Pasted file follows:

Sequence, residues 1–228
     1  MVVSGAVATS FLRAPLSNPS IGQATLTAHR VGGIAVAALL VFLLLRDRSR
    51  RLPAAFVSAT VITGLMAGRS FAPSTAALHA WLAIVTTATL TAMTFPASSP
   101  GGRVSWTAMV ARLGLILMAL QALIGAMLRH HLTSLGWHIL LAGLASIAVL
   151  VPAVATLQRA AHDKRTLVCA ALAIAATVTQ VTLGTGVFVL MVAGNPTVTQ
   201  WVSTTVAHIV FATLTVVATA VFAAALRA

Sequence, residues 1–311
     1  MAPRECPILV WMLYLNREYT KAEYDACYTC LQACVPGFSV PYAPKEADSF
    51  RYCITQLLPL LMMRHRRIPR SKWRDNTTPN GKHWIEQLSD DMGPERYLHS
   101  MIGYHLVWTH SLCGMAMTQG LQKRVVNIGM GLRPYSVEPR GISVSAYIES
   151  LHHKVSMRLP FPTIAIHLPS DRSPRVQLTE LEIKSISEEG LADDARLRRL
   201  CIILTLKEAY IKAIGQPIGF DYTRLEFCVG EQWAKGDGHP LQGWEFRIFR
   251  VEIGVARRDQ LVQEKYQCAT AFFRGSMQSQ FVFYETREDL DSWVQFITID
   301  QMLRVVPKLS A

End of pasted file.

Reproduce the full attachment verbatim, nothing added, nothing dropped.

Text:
Sequence, residues 1–228
     1  MVVSGAVATS FLRAPLSNPS IGQATLTAHR VGGIAVAALL VFLLLRDRSR
    51  RLPAAFVSAT VITGLMAGRS FAPSTAALHA WLAIVTTATL TAMTFPASSP
   101  GGRVSWTAMV ARLGLILMAL QALIGAMLRH HLTSLGWHIL LAGLASIAVL
   151  VPAVATLQRA AHDKRTLVCA ALAIAATVTQ VTLGTGVFVL MVAGNPTVTQ
   201  WVSTTVAHIV FATLTVVATA VFAAALRA

Sequence, residues 1–311
     1  MAPRECPILV WMLYLNREYT KAEYDACYTC LQACVPGFSV PYAPKEADSF
    51  RYCITQLLPL LMMRHRRIPR SKWRDNTTPN GKHWIEQLSD DMGPERYLHS
   101  MIGYHLVWTH SLCGMAMTQG LQKRVVNIGM GLRPYSVEPR GISVSAYIES
   151  LHHKVSMRLP FPTIAIHLPS DRSPRVQLTE LEIKSISEEG LADDARLRRL
   201  CIILTLKEAY IKAIGQPIGF DYTRLEFCVG EQWAKGDGHP LQGWEFRIFR
   251  VEIGVARRDQ LVQEKYQCAT AFFRGSMQSQ FVFYETREDL DSWVQFITID
   301  QMLRVVPKLS A